Review of Bally’s Pharaoh’s Dream Slots Machine
The Pharaoh’s Dream slot machine game from Bally Technologies is a 5-reel, 40-payline game with an Egyptian theme. The game features many of the standard trappings of today’s popular slots games: wilds, scatters, multipliers, and free spins. The theme for this game is probably less compelling than that of most of Bally’s other games. It’s based on Ancient Egyptian culture, though I imagine even Egyptologists couldn’t tell you what the pharaohs might have dreamed about.
The graphics for the game are lovely, featuring tans and light purples accentuated by splashes of brilliant blues, reds, and greens. The sound effects are lackluster in the extreme. In fact, this is one of the first games from Bally Technologies I’ve played where I was disappointed by the sound effects and music.
The game is available in the following denominations: €0.01, €0.02, €0.03, €0.04, €0.05, €0.06, €0.07, €0.08, €0.09, €0.10, €0.15, €0.20, €0.50, €1.00, €2.00, €3.00, €4.00, €5.00, and €10.00. This amount is wagered per line, so players can wager between a penny per spin and €400.00 per spin. The game is appropriate for both high rolling and low rolling slots players.
The game has an Egyptian theme, so you get images of King Tut, pyramids, ankhs, Osiris, and other symbols that probably aren’t recognizable to anyone who isn’t interested in Egyptian culture as a hobby. Besides those symbols, Pharaoh’s Dream uses the common playing cards symbols found on many of Bally Technologies’ other games: the nine, the ten, the jack, the queen, the king, and the ace. Each of these is dressed up with a tiny symbol to make it look more “Egyptian”.
The “double pyramid” symbol acts as a wild symbol. It can replace any other symbol needed on a payline in order to make a winning combination. Along with the “Eye of Horus” symbol, the double pyramids offer the highest payouts in the game, with a €5000.00 payout when you line up five of them on your screen. (Four of them are worth €2000.00, and three of them are worth €300.00.)
The King Tut symbol, which, admittedly, might be any mummy of an Egyptian king, is the scatter symbol. Hitting these earns the player 10 free spins with a 10X multiplier on any of the winnings on those spins. The scarab and the ankh are also significant symbols, with payouts of €1500.00 and €1200.00 when the player hits five of them on a payline.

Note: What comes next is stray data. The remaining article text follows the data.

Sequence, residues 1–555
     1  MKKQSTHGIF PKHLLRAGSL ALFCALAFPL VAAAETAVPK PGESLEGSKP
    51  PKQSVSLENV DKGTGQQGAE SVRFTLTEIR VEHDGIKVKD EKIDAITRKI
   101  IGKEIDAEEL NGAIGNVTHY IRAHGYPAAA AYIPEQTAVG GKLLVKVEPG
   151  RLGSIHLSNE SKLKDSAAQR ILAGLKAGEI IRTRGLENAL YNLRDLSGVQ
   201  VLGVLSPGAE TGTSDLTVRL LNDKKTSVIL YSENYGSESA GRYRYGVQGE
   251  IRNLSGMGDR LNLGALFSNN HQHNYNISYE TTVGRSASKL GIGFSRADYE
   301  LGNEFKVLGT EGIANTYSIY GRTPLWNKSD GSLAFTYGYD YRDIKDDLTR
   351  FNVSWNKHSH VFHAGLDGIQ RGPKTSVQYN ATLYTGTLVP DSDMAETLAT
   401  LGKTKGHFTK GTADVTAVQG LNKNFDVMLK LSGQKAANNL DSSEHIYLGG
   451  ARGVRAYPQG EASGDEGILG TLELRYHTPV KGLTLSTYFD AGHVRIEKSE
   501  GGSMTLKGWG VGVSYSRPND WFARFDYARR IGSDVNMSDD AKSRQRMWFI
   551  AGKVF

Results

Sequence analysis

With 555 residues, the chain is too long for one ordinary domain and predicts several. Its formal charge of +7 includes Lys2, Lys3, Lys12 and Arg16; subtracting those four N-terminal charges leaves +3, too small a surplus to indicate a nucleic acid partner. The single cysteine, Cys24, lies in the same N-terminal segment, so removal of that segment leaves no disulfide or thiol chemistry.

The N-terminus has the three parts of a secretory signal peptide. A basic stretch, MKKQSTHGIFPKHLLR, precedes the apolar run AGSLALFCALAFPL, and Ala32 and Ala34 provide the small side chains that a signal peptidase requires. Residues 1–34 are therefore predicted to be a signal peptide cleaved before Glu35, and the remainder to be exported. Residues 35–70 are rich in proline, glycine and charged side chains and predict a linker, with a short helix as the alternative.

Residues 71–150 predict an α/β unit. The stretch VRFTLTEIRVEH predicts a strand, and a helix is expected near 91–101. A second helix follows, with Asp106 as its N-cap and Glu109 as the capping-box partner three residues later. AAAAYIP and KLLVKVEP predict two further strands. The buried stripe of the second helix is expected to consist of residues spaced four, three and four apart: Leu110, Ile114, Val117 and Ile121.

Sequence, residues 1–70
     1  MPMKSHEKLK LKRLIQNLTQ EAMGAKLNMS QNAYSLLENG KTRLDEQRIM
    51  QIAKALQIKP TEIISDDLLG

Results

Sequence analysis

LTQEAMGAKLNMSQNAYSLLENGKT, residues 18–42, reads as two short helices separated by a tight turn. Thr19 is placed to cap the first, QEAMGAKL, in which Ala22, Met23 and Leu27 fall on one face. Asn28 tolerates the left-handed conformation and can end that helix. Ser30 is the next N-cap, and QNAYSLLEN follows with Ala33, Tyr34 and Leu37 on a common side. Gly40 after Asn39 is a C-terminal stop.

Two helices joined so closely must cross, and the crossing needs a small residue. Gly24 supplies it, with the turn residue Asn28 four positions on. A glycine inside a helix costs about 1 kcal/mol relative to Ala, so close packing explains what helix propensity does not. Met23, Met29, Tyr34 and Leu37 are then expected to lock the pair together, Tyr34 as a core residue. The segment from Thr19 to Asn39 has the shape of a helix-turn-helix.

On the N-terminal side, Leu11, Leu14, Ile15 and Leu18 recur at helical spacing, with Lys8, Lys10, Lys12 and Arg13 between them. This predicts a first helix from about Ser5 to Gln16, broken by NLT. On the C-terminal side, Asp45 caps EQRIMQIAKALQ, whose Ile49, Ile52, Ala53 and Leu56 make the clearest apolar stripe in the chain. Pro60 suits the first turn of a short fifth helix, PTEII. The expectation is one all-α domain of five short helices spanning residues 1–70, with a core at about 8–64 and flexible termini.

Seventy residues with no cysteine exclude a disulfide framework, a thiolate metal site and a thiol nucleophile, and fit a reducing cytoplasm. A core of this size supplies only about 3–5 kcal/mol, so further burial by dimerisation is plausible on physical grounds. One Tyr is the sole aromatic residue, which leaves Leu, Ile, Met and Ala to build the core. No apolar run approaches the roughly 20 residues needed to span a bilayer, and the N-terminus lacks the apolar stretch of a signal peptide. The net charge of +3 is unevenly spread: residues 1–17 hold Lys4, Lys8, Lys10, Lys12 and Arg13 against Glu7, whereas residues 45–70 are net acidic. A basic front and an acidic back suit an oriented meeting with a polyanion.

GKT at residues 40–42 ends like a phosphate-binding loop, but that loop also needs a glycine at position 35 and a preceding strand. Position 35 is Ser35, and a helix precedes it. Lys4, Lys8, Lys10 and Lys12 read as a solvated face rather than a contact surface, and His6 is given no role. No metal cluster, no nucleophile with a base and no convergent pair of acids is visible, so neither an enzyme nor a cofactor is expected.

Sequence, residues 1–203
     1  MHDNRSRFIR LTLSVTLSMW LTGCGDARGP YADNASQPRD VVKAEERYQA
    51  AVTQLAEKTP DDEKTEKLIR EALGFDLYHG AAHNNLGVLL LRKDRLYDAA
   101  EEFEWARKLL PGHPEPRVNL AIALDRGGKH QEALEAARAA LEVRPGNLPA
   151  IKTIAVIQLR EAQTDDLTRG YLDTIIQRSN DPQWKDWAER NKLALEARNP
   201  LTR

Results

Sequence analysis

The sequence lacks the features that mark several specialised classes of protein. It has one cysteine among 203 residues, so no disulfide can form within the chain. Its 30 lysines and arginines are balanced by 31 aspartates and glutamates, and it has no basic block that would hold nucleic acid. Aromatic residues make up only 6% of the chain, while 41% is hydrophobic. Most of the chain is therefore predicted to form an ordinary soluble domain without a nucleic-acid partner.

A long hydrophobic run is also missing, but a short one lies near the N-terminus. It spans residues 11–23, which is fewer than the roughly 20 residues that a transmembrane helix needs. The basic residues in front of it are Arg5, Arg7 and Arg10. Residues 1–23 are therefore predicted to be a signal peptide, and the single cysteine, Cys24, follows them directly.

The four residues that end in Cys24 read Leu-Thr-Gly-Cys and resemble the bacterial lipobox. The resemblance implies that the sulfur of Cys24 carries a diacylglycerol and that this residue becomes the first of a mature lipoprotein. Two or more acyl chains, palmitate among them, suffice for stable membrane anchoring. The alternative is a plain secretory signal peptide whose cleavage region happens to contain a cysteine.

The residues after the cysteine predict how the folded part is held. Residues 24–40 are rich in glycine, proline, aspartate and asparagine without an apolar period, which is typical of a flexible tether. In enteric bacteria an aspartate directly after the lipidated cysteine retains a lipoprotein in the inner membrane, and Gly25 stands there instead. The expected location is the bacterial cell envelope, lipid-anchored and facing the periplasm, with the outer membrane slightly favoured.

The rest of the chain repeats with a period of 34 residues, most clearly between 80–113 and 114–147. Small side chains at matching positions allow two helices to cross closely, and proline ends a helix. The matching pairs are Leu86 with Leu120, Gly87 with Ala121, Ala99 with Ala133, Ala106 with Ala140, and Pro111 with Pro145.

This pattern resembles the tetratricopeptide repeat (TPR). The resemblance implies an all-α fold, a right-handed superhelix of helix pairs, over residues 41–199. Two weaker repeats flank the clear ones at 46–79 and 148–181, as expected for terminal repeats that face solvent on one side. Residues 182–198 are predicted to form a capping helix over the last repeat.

Payouts for the card game symbols is significantly lower, with the highest jackpot being €1000.00 for the ace, king, or queen—if you get five of them on a payline. The jack, ten, and nine are only worth €500.00 when you get five of them.
Free Version Online
Pharaoh’s Dream slot machines are available to play for free online, so prospective players can try the game out for what is essentially Monopoly money (worth nothing) before deciding whether or not they want to play for real. It can even be played in a browser window at participating casinos’ sites, provided you are able to run Flash on your device.
The Egyptian Symbols in the Game
The Egyptian symbols used in Pharaoh’s Dream slots have interesting back-stories of their own. For example, the “Eye of Horus” symbolizes vitality, strength, and protection. It was often used on amulets for the dead; ancient Egyptians believed that the symbol would protect the pharaohs in their journey through the afterlife.
Pyramids, of course, aren’t unique to Egypt, but most people associate them with the country. From a distance, the Egyptian pyramids almost seem to shine from within. This is because they’re made from highly polished limestone bricks. The Egyptians started building pyramids 2700 years before Christ. Over 135 different pyramids still stand in Egypt, the largest being the Great Pyramid of Giza, which is one of the Seven Wonders of the Ancient World.
The ankh symbol represents the key to eternal life. It’s shaped similar to a Christian cross, but the top is rounded rather than a straight line. No one has a plausible explanation for the origin of the symbol, but it’s ubiquitous in the paintings adorning the walls of Egyptian tombs.
Osiris and the Egyptian Underworld
Osiris is the Egyptian god of the afterlife. Like the Romans’ Pluto, Osiris’s domain was that of the underworld. The god Osiris was also associated with the cycle of the seasons, and, like Jesus Christ, rose from the dead after having been killed. Osiris was chopped into pieces by the dark god, Set, then hidden around the world so the pieces could not be found. His son, Horus, and his wife, Isis, located the many pieces of Osiris, and then brought him back to life.
Resurrection was an important part of the Egyptian psychology, and explains why their chief deity ruled the underworld. The Egyptian followers of Osiris hoped to achieve life after death via their worship of Osiris.
Egyptian themes are not uncommon in gambling and slot machines. Because the pyramids were built to house the vast wealth of the pharaohs, popular culture associates ancient Egypt, the pharaohs, and the pyramids with treasure. Since gamblers playing slot machines hope to win large amounts of coins, the association isn’t a large leap. King Tut’s tomb alone had hundreds of pounds of gold within it, making it the largest treasure of ancient Egypt. In fact, all of the treasure in all of the other tombs and pyramids in Egypt don’t add up to the amount of treasure found in Tutankhamen’s tomb.
So maybe, in the end, it’s not so hard to know what a pharaoh’s dreams contained. We can suppose King Tut dreamt of gold.